If you want to see what the Print-on-Demand version of Martin Helsdon’s book looks like, here is RPG Imaginings flipping through it on camera!

Jeff’s Notes

Jeff Richard, the current mastermind on everything Gloranthan at Chaosium, is often posting notes and thoughts on the RuneQuest Facebook group. Here’s our curated list from the past week. A partial archive of these sources is compiled on the Well of Daliath.

Nochet and Other Metropolises

Jeff tries to remind us how densely populated cities like Nochet are, giving Bombay or Calcutta as a point of comparison.

Nochet’s population density averages somewhere around 18,000+ per square kilometer. That’s average – for every Sacred City garden that means somewhere else people are piled on top of each other.

Boldhome in comparison is a mere 3000 people per square kilometer, but it has plenty of empty space, which means that in the Pockets and the Main City, things get piled up.

In comparison, the population density of modern London is 5700 per square kilometer; modern Manhattan has a population density of 29,000 per square kilometer and San Francisco about 6600 per square kilometer.

While Nochet’s density is incredible, it isn’t unheard of for Earth’s bronze age cities either.

For instance, Alexandria in the last century BCE might have had 500,000 inhabitants, and even if only a fraction of those lived inside its walls (an area of about 5.3 square kilometres), that would still be way more dense than Nochet.

Another example is the ancient Greek city of Antioch (in modern day southern Turkey) is said to have peaked with at least 250,000 inhabitants around the same time frame (last century BCE), and potentially as high as 500,000 inhabitants. I’m having trouble figuring out its area (there’s the intramuros area and the general suburbian area, and some of that area was uninhabited rocky mountain), but even with a conservative estimate, it might have been twice as dense as Nochet.

Anyway, back to Glorantha:

Interestingly, although Boldhome averages only about 3000 people per square mile, Jonstown averages somewhere around 16,000 people per square mile. Which means it is built up more like Nochet than Boldhome.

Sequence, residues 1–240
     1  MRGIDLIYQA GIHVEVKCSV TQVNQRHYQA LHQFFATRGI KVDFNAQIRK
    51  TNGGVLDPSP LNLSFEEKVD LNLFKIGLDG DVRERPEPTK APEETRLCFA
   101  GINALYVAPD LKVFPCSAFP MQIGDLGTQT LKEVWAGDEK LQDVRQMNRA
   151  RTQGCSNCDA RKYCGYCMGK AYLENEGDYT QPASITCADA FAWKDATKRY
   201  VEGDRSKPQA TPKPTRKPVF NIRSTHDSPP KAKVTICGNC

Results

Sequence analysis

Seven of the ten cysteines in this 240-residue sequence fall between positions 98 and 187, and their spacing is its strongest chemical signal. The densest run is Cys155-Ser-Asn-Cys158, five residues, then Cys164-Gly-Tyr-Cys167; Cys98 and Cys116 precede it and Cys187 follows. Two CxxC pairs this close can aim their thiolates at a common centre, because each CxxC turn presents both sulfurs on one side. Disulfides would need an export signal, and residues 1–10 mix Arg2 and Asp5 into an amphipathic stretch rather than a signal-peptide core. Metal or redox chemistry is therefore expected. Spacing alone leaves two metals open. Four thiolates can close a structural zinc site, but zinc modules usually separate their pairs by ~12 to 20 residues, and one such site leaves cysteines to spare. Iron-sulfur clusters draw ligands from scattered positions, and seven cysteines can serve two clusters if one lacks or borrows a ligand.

Sheng Seleris, Shadow of the Lunar Empire

Jeff shares some thoughts about everybody’s favourite ruthless horse riding crazy nomad:

Sheng Seleris and his nomad army entered Peloria for the first time in 1375. Sheng Seleris was a celestial hero, whose horses could run through the sky, and whose companions were as pure and as merciless as the light of the sky.

As we mentioned in last week’s Journal, Sheng Seleris used his army’s superior mobility to force the Lunars into battles during Dark or Dying lunar phases. For almost 30 years, the Lunars knew “little more than defeat and humiliation”. Ouch.

© 2021 Chaosium Inc.

Jeff shared map sketches (above for the 3rd wane, later below for the 4th wane), but if you look at the nice colour versions in the Glorantha Sourcebook, you’ll see how the Lunar Empire got broken up in small pieces between 1355 and 1389. The Red Emperor really just had a few strongholds left (Glamour and the Silver Shadow area, Sylila, and the West Reaches).

The Red Emperor engaged in several magical contests with Sheng Seleris, but appeared to have lost them all.

I’m not sure what these magical contests would have been… Face to face battles, such as their “wrestling” in front of Glamour’s gates? Encounters during heroquests where the Emperor and the Nomad recognize each other? Something else? Either way, I’m pretty sure it was awesome.

Much of Peloria was overrun, and many cultivated areas returned to grassland. For FOUR GENERATIONS(!), nomadic herds roamed over the Pelorian grasslands. In some areas, city and town life continued, ruled over by Yelm-worshipping horsemen. Other areas paid tribute to whatever nomad chieftain demanded it, and submitted themselves to whatever other demands were made, in exchange for limited autonomy.